Why pulses and beans contain protein and vegetables don’t?

Carbohydrates are the main constituents of most of the vegetation. While stems and branches of the plants and trees contain cellulose, seeds and fruits are storehouses of starch and glucose respectively. Thus all three substances — cellulose, starch and glucose — are carbohydrates.
Plants of pulses and beans of legumes as they are also called, are different from the plants of other vegetables and fruits. The roots of pulses and beans bear nodules in which a kind of bacteria known as ‘Rhizobium’ thrives. There is a close relationship of interdependence known as ‘symbiosis’ between the plants of pulses and these bacteria. Colonies of Rhizobium bacteria get sustenance from the roots of pulses and beans plants and provide nutritious fertilizer to the host plants in return. They do this by a process called ‘nitrogen fixing’, i.e. converting nitrogen in the atmosphere into nutritious fertilizer which can be assimilated by the plants. The plants of pulses and beans process the nitrogen provided by Rhizobium bacteria into amino acid and thereafter convert it into protein.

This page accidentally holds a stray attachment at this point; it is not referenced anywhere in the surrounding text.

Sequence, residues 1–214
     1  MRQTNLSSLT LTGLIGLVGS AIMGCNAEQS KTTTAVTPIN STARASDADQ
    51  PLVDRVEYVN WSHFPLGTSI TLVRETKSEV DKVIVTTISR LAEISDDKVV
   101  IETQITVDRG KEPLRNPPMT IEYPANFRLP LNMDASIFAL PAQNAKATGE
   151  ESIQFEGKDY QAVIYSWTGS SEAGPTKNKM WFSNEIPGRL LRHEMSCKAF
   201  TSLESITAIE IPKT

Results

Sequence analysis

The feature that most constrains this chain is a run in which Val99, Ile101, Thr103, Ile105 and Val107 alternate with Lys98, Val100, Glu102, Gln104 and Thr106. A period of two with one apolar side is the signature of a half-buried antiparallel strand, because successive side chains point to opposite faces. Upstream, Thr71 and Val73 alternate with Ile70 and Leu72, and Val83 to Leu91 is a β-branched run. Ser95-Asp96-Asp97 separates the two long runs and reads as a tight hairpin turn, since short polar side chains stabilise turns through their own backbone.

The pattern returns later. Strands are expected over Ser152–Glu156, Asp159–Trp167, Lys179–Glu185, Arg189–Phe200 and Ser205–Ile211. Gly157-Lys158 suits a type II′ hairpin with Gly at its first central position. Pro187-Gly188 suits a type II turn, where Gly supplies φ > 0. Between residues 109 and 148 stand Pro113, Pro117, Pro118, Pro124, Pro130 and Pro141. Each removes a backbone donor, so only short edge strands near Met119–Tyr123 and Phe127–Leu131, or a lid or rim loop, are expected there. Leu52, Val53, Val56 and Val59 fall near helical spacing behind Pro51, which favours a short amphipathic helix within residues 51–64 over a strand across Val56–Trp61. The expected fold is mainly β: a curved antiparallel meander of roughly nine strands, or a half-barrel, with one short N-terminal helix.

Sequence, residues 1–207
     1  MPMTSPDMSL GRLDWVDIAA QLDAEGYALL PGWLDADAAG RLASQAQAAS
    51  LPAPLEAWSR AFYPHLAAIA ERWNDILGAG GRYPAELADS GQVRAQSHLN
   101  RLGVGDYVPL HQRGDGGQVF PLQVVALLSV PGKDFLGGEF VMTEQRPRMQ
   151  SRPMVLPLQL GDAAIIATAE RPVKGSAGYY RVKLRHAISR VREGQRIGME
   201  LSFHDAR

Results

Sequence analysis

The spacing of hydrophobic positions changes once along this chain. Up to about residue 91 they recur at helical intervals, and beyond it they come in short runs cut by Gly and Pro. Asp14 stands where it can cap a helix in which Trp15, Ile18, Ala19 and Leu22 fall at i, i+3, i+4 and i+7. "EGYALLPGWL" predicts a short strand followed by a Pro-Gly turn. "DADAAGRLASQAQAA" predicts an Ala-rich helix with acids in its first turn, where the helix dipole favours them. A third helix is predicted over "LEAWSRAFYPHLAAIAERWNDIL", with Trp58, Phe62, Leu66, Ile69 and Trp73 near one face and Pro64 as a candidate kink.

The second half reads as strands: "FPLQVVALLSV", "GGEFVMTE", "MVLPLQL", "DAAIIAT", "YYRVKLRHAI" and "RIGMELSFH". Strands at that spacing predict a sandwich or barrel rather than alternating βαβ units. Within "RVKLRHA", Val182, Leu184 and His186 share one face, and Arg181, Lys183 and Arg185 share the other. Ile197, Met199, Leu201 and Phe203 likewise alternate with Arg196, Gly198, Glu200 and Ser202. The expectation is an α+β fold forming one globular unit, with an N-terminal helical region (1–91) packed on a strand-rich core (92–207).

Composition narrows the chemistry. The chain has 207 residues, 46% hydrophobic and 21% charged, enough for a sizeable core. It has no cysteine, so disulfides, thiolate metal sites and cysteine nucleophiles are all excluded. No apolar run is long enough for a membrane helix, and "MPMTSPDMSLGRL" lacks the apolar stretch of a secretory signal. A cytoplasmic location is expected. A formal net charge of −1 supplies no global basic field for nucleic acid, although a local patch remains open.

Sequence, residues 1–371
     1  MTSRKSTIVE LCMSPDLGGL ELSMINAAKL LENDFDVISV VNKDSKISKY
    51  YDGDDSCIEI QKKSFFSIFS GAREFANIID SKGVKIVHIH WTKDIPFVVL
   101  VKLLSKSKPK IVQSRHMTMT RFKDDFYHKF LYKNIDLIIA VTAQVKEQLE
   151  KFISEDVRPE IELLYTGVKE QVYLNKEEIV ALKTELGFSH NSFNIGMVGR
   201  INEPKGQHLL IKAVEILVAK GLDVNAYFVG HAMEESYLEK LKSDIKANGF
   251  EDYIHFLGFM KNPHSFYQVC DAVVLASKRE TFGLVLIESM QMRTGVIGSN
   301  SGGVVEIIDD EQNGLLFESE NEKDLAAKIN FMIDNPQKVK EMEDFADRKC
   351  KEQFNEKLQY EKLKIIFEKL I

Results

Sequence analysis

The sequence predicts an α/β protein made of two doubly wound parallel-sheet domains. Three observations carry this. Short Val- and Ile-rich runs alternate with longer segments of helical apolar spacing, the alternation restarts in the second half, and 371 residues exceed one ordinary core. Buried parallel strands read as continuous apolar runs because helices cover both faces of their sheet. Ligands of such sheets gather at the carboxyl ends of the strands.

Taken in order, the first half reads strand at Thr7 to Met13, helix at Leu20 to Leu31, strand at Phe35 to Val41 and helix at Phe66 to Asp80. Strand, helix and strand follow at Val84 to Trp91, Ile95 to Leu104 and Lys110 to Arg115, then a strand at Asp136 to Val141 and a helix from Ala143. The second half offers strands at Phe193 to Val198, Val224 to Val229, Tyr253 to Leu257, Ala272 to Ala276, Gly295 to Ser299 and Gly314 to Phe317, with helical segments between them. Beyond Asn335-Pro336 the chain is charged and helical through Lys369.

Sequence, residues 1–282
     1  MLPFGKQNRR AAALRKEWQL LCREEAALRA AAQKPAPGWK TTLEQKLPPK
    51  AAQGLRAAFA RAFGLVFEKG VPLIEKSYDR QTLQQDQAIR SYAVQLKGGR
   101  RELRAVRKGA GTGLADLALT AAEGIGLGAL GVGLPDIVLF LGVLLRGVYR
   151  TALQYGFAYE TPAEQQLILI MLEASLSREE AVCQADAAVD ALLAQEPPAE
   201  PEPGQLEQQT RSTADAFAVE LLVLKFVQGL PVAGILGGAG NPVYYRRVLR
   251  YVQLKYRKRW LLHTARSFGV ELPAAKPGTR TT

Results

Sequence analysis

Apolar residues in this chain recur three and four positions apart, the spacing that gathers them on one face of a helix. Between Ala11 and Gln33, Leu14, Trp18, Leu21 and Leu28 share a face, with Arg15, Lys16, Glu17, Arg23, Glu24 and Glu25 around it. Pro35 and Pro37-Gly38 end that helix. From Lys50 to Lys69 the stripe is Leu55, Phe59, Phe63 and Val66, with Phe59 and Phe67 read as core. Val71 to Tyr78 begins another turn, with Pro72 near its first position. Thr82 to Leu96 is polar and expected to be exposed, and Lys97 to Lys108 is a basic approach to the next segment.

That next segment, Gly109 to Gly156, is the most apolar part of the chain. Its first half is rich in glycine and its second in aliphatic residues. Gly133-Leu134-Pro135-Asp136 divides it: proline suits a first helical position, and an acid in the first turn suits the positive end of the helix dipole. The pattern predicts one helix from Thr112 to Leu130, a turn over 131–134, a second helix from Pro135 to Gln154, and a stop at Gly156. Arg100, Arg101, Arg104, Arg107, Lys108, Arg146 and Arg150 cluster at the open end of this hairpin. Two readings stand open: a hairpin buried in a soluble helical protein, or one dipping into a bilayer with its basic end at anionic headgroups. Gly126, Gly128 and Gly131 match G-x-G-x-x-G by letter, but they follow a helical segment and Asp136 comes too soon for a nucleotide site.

Additional reading:
Pulse (legume) (Wikipedia)
Protein (Wikipedia)

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